Version 1 (modified by simonmar, 10 years ago) (diff)

add Reilly's analysis

Shared Libraries: distribution and build-system issues

Platform support for locating shared libraries

The following analysis is mostly from Reilly Hayes on the cvs-ghc mailing list.

On Linux

An ELF executable can have an embedded list of paths to search for dynamic libraries (the DT_RPATH entry). This can be set by using -rpath with ld. DT_RPATH is deprecated. This list applies to all shared libraries used by the executable (it is not per shared library). There is no default value placed in the DT_RPATH entry. You must use -rpath to set it.

There is a new entry, DT_RUNPATH. DT_RUNPATH works similarly to DT_RPATH. However, when it is set, DT_RPATH is ignored. DT_RUNPATH is also set using -rpath, but you must use the --enable-new-dtags switch as well.

When looking for a shared library, the dynamic linker( checks the paths listed in DT_RPATH (unless DT_RUNPATH Is set) , the paths listed in the environment variable LD_LIBRARY_PATH, the paths listed in DT_RUNPATH, the libraries listed in /etc/, and finally /usr/lib and /lib. It checks in that order and takes the first library found. At least on my linux box, LD_LIBRARY_PATH does NOT override the paths in DT_RPATH even though the documentation implies that it does. LD_LIBRARY_PATH does override DT_RUNPATH.

You CAN override the search path embedded using DT_RPATH by using the LD_PRELOAD environment variable. This variable contains a *whitespace-separated* list of libraries (not directories to search) to load prior to the search process. The listed libraries are loaded whether or not they are needed to resolve a dependency in the executable.

Finally, an ELF shared library can also have a DT_RPATH entry. This only impacts the search for shared libraries that are dependencies of the shared library and not the executable. As with the DT_RPATH entry in an ELF executable, this is not overridden by LD_LIBRARY_PATH but can be overridden using LD_PRELOAD as above.

On Mac OS X

A Mach-O executable can embed the full path name for each shared library (as well as rules for acceptable substitutes). This is called the "install name" for the library and it is included by default when building an executable. The install name for the library is NOT based on where the static linker (ld) found the library when the executable was built. The static linker (ld) extracts the install name from the shared library when building the executable. The install name of the shared library is set when building the shared library. When you build a shared library you should know where the library is going to be installed so that the install name is set correctly.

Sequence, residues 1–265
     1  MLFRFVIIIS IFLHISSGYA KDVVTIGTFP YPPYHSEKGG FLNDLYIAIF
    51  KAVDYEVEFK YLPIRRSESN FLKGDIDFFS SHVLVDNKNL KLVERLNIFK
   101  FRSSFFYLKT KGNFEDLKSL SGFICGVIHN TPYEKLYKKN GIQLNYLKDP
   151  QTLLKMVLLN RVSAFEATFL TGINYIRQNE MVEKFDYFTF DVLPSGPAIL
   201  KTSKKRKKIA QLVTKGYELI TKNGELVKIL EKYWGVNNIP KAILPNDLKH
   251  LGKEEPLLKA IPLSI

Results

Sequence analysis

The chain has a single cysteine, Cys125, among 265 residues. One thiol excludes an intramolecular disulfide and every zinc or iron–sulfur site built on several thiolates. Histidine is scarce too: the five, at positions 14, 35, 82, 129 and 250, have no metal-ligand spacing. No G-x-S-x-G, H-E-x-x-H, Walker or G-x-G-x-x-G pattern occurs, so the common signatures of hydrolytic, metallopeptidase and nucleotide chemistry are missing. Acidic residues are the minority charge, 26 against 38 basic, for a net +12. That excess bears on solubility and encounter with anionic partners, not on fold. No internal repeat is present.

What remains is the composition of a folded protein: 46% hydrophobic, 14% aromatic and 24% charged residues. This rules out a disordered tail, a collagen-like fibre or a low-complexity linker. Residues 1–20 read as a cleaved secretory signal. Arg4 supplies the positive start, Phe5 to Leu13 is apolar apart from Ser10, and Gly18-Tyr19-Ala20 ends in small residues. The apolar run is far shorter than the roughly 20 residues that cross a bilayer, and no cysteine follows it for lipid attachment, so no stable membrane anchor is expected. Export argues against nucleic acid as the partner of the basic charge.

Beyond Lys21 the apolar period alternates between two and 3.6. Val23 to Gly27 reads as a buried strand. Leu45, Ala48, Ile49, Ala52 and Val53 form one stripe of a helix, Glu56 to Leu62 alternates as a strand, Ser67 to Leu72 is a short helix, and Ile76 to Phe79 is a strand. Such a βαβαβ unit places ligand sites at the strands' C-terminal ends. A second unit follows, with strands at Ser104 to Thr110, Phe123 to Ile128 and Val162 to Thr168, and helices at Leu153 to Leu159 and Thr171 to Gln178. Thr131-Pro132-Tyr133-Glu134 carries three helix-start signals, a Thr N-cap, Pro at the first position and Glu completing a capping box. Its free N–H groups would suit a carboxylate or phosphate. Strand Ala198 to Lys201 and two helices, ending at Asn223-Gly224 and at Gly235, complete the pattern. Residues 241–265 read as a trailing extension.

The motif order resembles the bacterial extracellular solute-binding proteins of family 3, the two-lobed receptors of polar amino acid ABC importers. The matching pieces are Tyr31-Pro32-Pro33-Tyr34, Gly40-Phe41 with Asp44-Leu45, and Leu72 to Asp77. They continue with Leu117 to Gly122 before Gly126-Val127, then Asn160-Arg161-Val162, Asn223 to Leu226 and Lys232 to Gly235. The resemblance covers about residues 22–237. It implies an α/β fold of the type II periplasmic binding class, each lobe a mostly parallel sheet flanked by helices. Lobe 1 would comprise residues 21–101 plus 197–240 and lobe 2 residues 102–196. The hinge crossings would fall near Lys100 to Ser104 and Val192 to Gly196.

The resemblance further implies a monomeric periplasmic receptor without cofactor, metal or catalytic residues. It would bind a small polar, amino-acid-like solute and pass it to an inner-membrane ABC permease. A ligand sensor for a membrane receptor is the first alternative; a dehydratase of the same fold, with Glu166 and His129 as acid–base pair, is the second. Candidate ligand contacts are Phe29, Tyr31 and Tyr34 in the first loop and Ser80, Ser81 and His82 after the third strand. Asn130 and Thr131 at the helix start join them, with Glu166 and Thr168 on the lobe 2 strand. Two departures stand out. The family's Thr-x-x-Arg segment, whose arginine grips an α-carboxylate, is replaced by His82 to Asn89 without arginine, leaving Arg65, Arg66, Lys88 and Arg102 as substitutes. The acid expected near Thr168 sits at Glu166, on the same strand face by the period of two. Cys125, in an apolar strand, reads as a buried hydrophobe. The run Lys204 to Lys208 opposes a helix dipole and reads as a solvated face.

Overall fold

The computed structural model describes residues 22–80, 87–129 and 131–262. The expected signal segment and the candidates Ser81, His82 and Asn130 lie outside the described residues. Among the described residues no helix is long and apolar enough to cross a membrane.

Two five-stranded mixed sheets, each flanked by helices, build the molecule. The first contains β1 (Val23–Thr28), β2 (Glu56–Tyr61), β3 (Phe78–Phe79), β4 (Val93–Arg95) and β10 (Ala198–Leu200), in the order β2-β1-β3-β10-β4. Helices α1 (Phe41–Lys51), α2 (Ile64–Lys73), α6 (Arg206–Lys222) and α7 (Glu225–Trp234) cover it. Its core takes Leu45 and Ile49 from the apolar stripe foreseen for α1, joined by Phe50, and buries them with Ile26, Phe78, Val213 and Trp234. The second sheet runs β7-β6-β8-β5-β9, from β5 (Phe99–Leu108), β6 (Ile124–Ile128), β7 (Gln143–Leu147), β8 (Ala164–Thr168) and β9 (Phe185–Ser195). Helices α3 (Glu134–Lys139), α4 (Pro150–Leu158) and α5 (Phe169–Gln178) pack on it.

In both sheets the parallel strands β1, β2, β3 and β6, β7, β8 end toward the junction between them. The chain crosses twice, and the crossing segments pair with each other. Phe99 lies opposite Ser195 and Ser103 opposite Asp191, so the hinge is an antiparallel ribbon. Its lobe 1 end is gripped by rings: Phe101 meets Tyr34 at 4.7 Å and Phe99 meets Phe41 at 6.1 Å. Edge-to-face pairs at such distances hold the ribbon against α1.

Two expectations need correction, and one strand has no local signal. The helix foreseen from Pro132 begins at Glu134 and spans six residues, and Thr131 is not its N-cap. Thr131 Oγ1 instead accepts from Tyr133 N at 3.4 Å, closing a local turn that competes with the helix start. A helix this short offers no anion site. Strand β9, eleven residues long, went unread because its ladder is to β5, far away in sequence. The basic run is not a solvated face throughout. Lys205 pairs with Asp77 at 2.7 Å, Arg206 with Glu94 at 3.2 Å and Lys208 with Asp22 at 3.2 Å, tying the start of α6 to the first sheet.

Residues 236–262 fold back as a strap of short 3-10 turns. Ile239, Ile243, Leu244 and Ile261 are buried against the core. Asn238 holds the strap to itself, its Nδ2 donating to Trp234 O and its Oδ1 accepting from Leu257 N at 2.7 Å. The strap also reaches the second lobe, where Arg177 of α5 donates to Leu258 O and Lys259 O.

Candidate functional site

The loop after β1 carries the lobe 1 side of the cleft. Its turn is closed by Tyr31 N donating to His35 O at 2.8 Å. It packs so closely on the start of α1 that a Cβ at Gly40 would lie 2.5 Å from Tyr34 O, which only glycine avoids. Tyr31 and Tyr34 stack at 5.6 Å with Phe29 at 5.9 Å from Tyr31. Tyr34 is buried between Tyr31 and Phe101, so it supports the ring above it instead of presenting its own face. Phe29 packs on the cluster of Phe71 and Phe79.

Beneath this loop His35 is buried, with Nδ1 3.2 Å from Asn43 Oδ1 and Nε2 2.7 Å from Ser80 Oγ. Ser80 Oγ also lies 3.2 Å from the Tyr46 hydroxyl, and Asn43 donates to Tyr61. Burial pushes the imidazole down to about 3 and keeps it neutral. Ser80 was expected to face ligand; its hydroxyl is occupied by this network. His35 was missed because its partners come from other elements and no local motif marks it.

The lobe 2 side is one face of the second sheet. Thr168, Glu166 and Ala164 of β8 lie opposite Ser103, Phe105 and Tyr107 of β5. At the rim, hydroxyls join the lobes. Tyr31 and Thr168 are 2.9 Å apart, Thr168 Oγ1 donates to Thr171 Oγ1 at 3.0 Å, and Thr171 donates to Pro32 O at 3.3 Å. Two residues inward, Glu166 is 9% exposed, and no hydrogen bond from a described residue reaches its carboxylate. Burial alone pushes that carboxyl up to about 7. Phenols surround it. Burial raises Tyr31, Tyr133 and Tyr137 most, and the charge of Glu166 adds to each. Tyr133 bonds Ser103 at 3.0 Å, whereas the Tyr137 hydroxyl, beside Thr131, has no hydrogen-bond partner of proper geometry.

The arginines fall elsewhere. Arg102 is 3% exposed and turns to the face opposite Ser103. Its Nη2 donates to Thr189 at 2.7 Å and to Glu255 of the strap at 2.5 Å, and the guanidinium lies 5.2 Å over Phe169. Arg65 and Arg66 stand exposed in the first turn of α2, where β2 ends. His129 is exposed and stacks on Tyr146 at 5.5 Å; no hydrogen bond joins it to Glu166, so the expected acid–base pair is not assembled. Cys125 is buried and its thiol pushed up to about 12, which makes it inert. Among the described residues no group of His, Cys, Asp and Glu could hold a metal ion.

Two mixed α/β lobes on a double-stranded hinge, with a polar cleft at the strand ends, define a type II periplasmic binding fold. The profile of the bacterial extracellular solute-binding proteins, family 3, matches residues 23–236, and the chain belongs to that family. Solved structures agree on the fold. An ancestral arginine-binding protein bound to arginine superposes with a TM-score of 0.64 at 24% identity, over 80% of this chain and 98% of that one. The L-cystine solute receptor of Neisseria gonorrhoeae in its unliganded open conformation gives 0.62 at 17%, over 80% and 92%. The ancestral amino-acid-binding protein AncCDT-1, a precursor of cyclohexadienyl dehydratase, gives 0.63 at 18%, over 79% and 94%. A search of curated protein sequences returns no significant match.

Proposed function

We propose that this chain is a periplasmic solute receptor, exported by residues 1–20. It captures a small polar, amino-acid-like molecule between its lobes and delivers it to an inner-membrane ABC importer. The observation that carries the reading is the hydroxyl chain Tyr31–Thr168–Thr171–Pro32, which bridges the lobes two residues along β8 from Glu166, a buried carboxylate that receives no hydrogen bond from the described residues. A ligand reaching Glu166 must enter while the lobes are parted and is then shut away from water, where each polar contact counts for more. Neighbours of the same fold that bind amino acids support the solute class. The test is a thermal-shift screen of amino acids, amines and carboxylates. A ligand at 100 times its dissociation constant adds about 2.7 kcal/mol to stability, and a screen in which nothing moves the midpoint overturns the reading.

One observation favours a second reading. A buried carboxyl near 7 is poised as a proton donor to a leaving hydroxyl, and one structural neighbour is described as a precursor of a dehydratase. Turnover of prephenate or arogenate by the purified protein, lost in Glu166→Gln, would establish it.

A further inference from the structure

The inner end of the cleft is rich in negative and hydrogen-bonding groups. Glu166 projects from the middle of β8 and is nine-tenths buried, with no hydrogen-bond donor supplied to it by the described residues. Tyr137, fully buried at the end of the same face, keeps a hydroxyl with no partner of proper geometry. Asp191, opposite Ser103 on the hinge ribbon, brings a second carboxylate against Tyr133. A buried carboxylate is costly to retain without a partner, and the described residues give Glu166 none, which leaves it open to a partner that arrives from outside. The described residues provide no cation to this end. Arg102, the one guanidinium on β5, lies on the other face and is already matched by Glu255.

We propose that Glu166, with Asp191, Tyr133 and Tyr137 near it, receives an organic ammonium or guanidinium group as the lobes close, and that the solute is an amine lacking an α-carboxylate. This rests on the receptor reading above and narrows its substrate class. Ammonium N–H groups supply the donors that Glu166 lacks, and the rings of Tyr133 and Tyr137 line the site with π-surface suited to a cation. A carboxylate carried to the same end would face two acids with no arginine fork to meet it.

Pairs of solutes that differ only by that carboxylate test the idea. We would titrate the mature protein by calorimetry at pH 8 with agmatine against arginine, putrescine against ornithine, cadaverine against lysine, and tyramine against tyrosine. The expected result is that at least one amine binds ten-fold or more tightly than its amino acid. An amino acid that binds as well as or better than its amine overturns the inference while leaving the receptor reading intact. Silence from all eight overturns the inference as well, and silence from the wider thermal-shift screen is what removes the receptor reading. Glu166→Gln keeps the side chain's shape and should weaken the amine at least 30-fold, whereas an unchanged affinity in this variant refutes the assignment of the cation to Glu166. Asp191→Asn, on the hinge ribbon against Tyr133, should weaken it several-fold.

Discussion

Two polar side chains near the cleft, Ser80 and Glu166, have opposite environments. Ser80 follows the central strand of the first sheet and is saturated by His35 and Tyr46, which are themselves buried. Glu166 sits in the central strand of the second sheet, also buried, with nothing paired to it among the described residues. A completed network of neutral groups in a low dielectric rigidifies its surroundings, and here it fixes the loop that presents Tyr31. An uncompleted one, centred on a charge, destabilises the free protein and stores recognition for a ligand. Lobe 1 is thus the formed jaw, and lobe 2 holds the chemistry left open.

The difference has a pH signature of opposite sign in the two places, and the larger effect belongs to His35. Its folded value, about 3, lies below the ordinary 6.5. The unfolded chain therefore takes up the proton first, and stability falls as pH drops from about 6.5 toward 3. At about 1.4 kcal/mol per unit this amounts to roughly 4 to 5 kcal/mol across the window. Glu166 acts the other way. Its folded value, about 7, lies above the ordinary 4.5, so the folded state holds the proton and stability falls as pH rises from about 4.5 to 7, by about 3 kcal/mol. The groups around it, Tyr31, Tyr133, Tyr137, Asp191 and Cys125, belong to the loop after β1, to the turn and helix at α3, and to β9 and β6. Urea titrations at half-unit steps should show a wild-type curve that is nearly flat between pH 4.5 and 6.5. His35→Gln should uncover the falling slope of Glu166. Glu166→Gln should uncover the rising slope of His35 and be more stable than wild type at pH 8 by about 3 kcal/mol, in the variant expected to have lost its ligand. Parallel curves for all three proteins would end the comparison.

When looking for shared libraries, the dynamic linker (dyld) first scans the directories in DYLD_LIBRARY_PATH, then checks the location in the install name (which is per library), and finally checks the standard locations.

DYLD_LIBRARY_PATH successfully overrides the the path embedded in the executable.

Caveat 1: LD_LIBRARY_PATH has no runtime impact, but it does impact where the static linker looks for share libraries. It looks first in the directories specified using -L, the the directories in LD_LIBRARY_PATH, and finally in /lib, /usr/lib, & /usr/local/lib. This is particularly confusing because many configure scripts seem to ignore LD_LIBRARY_PATH and you can get inconsistent results from configure and gcc/ld on whether a library is present.

Caveat 2: Mac OS X has a set of compiler/linker switches for dealing with Frameworks (packages of shared libraries and include files). These are installed outside the typical *nix directory structure. These switches act like -I (to gcc) and -L (to ld). If you end up totally confused about where to find something, read up on this. The OpenGL and OpenAL headers and libraries are in Frameworks, for example.


For Mac: The -rpath switch is not available on Mac OS X because it is superfluous. The default behavior of embedding a location for each individual shared library is at least as good. Cabal (and the GHC build process) should use their knowledge of the ultimate install location to set the install name when shared libraries are built. In-place compilation can override this with DYLD_LIBRARY_PATH

For Linux: On linux, we should be sure to use the --enable-new-dtags switch if we use -rpath. Otherwise we risk having paths that can't be overridden by LD_LIBRARY_PATH.